Yarin: Mass. deep in Massholes

It’s no secret that residents of the Commonwealth of Massachusetts aren’t the friendliest in the nation.

Your own friends and family are lovely, of course, but when you take us as a group and compare us to the easygoing Californians, the gentle-mannered Southerners, or the Jell-O salad-toting denizens of the heartland, we don’t come close to measuring up. I’d venture we’re on the same tier as New York City residents, but I’m wise enough not to go any further than that.

I think it all comes down to how we treat those we don’t know. Like I said, your acquaintances are lovely, and I know that because individual Massachusetts residents comprise my family and friends, coworkers and classmates, and a friendlier and more generous group of people you couldn’t dream up if you slept all year. I’m sure it’s the same for everyone reading this. 

I’m not saying state residents aren’t civic-minded, charitable, and empathetic, because we are. But have you ever traveled far from the area (let’s say south of Delaware and west of Philly) and wondered why passersby were smiling at you or asking you how you’re doing? See, residents of those areas don’t have to wonder. They just smile back without missing a beat. A campground in northern Georgia had me wondering if there was something on my face. I didn’t get it and, frankly, I didn’t really like it.

Maybe you’re not as grouchy as me, and I applaud you for that. But we all know the stereotype of the crabby Bostonian ― the Masshole. He’ll honk at you the second the light turns green; he’ll barge into you if you don’t move out of his way on the sidewalk; he’ll hit the “door-close” button when you’re running for the elevator; he’ll smirk when you slip on the ice. He’s a stereotype for a reason, in that he’s a caricature of a more nuanced abrasiveness (that’s a thing, right?) that typifies the region. He stands for an assortment of behaviors and attitudes that most folks engage in on a more dilute level, but it’s there. People move away because of it.

So, why are we like this? I’ve puzzled over this for a while now, and I’ve never felt completely satisfied with an answer. As a fourth-generation resident, I still feel dubiously qualified to weigh in ― it’s not like I drop my Rs or anything ― but I’ve got a couple of working theories, if you’re interested:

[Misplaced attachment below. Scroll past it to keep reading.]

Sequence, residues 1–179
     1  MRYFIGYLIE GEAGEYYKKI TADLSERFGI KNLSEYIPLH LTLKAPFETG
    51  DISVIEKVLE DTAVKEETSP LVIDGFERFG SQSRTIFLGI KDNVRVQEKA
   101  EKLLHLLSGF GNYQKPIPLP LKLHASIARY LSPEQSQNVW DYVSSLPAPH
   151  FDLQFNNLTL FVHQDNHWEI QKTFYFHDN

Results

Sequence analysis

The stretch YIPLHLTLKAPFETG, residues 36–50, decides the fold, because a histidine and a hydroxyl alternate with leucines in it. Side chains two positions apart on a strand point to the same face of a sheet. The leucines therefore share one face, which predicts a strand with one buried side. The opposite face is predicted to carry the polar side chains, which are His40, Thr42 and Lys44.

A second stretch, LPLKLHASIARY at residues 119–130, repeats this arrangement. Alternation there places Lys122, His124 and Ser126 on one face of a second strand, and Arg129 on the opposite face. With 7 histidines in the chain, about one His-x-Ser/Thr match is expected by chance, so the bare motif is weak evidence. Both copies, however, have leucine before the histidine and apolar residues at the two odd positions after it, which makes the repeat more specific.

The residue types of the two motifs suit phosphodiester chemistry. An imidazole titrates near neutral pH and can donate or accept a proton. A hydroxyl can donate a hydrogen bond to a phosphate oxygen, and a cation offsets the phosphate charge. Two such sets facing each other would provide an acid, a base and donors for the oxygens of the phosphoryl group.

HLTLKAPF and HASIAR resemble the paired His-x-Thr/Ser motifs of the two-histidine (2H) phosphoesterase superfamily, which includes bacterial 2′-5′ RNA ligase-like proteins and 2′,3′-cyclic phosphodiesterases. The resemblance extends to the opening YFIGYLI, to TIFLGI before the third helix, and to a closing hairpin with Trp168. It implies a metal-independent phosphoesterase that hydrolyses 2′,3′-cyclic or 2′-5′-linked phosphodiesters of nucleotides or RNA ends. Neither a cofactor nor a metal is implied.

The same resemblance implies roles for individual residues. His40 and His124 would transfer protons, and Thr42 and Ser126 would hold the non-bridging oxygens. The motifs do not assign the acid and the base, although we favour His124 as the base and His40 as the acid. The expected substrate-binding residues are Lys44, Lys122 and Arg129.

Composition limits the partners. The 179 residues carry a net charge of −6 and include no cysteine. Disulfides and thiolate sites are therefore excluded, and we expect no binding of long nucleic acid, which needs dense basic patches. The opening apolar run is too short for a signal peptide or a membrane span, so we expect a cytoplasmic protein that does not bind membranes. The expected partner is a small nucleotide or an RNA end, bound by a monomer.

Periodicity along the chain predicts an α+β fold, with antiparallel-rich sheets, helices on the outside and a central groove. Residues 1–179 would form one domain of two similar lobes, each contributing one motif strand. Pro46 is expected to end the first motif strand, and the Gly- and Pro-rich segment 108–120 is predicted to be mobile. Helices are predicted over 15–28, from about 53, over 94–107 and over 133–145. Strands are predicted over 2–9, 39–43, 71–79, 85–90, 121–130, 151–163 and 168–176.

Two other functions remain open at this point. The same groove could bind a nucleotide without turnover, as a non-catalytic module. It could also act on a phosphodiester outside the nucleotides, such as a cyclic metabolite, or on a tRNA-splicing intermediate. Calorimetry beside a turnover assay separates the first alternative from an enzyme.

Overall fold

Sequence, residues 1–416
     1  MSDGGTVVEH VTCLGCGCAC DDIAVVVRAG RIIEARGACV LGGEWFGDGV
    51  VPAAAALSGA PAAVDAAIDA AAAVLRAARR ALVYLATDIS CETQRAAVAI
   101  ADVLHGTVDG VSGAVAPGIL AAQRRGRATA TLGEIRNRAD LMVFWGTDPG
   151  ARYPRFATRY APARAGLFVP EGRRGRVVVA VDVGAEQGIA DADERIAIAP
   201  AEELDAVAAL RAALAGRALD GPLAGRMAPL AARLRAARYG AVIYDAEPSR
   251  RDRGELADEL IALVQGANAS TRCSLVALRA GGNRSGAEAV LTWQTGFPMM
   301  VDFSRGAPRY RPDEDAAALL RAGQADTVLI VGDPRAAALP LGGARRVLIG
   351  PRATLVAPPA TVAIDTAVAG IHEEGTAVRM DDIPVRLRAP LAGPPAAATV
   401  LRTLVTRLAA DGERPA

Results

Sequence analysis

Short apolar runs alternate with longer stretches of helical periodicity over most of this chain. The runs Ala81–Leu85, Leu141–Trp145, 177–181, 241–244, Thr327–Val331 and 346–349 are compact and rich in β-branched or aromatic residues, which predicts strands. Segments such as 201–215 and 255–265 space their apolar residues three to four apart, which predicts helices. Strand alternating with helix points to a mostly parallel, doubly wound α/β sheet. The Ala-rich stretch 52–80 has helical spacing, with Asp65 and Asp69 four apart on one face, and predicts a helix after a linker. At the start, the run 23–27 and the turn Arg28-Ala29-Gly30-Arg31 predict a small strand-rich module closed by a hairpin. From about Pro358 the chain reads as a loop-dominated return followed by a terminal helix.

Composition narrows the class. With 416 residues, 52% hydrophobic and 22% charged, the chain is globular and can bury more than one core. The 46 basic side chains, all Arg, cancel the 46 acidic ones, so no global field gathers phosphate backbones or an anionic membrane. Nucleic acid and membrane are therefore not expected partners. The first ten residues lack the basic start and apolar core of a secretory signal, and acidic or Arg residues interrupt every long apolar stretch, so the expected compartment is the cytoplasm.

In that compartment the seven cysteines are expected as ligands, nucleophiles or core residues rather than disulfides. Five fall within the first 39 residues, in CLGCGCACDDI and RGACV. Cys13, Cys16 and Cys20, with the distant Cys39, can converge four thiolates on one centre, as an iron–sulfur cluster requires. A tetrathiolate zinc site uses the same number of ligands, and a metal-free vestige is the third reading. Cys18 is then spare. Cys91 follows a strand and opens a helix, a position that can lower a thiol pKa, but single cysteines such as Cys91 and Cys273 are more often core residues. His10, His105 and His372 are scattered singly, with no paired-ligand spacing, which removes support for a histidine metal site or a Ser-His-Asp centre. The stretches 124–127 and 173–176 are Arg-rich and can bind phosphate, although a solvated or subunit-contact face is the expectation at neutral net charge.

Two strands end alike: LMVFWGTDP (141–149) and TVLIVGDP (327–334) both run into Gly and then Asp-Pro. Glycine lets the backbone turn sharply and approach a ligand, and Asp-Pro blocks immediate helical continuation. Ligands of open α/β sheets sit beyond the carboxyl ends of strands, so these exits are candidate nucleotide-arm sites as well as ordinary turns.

1. It’s cold. We don’t want to spend time yakking on the street because it’s physically unpleasant to do so.
  2. It’s old. We stoic, faultless Puritans have seen and done every aspect of American public life for centuries, and we don’t have the patience to hang around while others figure it out.
  3. It’s somewhat unpleasant to live here. See No. 1. But also see: roads that make no sense, ridiculously high rents, beleaguered infrastructure, and a preponderance of Massholes.
  4. It’s amazing to live here. We’ve got the best schools, hospitals, white-collar job market, historical landmarks, politicians, and seafood in the country. It can get somewhat annoying when a bunch of 19-year-old students from Milwaulkee run around like they own the place.
  5. Nobody is happy when the Sox lose.

None of that really gels into one, bona-fide reason for our bad attitude, and I apologize if an answer is what you were looking for. If you’re not from the area, however, I might be able to help you out. There’s a theory I’ve been working on for a while that I’ve come to refer to as the “Sandwich Principle,” and I think it gets to the soul of the commonwealth’s, uh, standoffishness around strangers. The idea came to me when a friend from Seattle recounted a social faux pas he experienced in the deli line:

Imagine his guileless surprise when the woman in front of him placed the exact sandwich order he was about to make! Enraptured by the coincidence, he was compelled to tap her on the shoulder and share this information with his newfound friend. But the heartless woman shrugged him off, lip curled into a cruel sneer, and turned a cold shoulder to our poor, hapless hero.

He looked at me beseechingly when he finished his story, and in that moment I didn’t have the heart to tell him that I probably would have responded the same way. 

See, we know what we’re about here. We know that not everyone is the picture of congeniality, and we also know that there are times when we ourselves don’t want to patiently listen while a stranger tries to charm us. The best way to avoid the wrath of the Masshole is to remember that there are variables at play when one tries to bond with a stranger over sandwiches. You could get a rebuke, a shrug, a strange look or, on rare occasions, maybe a smile. You take your chances when you speak up but, if you say nothing, you’ll always be OK. It’s unfortunate that this is the case, but it’s also foolproof. 

Massachusetts has many strengths, but it’s really and truly not the best place to make friends with a stranger. We won’t beat you up or anything, but you could get a nasty bruise to the ego. But, hey! The people you already know are (say it with me now:) lovely. 

Maybe you should tell one of them about your sandwich.

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